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Brainstorm and Use Keywords
1. Save time, prepare to research!
  • Break your research question into key concepts (you'll connect these in your paper to make an original argument).
  • For each of these concepts, brainstorm multiple keywords.

Sample Topic:

 

women's (bodies) as other in the Bible

Key Concepts

women

bodies

other

Bible

Related Keywords

wom*n
female*
feminin*
gender*

body*
bodie*
flesh
skin*

strange*

Bible
OT
NT
religion



2. Combine keywords using AND and OR:
  • Too many results? Narrow using AND. Ex: Decameron AND women
  • Too few results? Broaden using OR. Ex: Decameron AND (wom* OR female* OR gender*)
  • Put parentheses around synonyms.
  • The asterisk finds multiple endings. Ex: wom* will bring back women, woman's, wombat, etc.

3. Brush up on the search tools available:
Find Background Information
Background Information can save you time by giving you an overview of your topic, and frequently provide key resources at the bottom of articles.
Learn about concepts, vocabulary, and events related to your texts.
Find keywords to search in subject-specific databases.

Here are some good places to start:
Find Articles, Books, Chapters, Reviews, &...
For a through list of literary scholarship tools & primary texts at UT, take a look at the catalog, indexes, & databases on the English Literature Research Guide:
www.lib.utexas.edu > Research Tools > Research by SubjectEnglish Literature RG (Research Guide)
Literary Scholarship section for secondary literature, including critical discussions, scholarly criticism, biographical information, essays etc.
  • Major Critical Literary Resources -
MLA International Bibliography - Critical material on
literature, criticism, drama, languages, linguistics, and folklore.
Literature Online (ABELL) - Rival to MLA.


  • Historical Literary Primary Sources for works -- fiction and non-fiction -- by a participant (author, creator) often in the time period of the events being studied, not based on the work of others: eyewitnesses, participants.  Not all online, so remember to try the Library catalog as well as "databases".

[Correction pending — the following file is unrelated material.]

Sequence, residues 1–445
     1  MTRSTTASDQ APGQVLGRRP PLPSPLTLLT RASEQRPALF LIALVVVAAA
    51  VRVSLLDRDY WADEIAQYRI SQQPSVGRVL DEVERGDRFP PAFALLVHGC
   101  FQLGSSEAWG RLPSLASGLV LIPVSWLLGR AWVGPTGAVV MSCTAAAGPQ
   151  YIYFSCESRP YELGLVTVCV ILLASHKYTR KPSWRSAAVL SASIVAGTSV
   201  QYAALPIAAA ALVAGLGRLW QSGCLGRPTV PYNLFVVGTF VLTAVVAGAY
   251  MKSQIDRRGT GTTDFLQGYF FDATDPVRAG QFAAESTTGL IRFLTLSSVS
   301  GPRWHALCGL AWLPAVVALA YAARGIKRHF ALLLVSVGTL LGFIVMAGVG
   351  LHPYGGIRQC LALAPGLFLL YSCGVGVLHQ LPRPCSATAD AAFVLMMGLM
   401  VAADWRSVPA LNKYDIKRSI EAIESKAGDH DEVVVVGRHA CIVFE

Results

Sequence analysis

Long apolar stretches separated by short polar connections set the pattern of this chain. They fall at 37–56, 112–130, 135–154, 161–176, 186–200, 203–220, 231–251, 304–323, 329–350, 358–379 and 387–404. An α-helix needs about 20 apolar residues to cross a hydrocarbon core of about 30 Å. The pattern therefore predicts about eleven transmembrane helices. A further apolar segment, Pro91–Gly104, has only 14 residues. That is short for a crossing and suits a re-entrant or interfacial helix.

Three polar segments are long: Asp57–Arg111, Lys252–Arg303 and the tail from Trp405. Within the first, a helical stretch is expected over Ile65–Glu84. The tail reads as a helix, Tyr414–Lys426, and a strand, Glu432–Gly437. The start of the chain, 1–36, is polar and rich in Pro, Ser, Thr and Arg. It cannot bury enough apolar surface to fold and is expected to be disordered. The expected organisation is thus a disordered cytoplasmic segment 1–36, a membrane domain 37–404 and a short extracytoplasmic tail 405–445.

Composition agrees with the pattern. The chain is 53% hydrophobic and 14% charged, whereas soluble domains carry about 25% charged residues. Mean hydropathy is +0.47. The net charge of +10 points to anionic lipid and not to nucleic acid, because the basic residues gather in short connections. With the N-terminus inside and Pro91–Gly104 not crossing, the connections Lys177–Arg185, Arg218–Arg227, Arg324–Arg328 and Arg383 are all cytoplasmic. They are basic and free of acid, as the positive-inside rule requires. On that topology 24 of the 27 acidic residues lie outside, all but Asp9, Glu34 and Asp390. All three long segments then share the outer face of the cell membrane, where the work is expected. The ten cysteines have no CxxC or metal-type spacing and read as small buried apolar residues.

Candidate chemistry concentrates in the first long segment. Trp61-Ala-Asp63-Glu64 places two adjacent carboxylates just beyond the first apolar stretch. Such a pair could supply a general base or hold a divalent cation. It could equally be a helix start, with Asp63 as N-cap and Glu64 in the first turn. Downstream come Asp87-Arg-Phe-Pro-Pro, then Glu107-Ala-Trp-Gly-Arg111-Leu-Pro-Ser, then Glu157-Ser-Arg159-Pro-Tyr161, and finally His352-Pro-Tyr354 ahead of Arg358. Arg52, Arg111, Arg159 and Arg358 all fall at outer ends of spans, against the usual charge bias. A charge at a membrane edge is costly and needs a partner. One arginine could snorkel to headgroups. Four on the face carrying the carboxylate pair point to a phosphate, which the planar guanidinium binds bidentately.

What other fields relate to your research question? Check out other Research Guides by Subject for useful databases and tips.
www.lib.utexas.edu > Research Tools > Research by Subject

Where is the article, chapter, book, or other material?
  1. Does the Catalog or database record you have found include full text? (Look for an HTML or PDF link.)
  2. If not, does the record have a button?
    • If yes, click the button to see if we have access to the electronic or print versions.
    • If not, copy the title of the journal or book (not the article or chapter) and use the Library Catalog title search.
  3. Can't find the text in electronic or print library material? Ask for help or request it through InterLibrary Services.
Evaluate Articles & Books
Try these grids and decision trees:
Write & Cite
Cite Your Sources:  A grid to help you choose the right citation tool and help using them.  Includes information about NoodleBib, which helps you format APA, MLA and Chicago style bibliographies you can download as Word documents and turn in.

Undergraduate Writing Center:  Drop in or make an appointment to visit with a trained writing consultant.
Get Help
Contact the course librarian:

Shiela Winchester
Archaeology, Classics, English Literature, Germanic Studies, Philosophy and Religious Studies Librarian
winchester@austin.utexas.edu
English Literature Research Guide

IM a Librarian
 
Monday-Thursday, 10am - midnight
Friday, 10am - 4pm
Sunday, 6pm - midnight
Build Your Research Skills
Need to build your research skills? Check out the UT Libraries resources for undergraduates.
www.lib.utexas.edu > Resources for You > Undergraduates

Find text and videos to help you when you need to:
Find Background Information
Generate Keywords
Find Articles
Find Books
& More
Find Books Video Tutorial
 
Find Articles Video Tutorial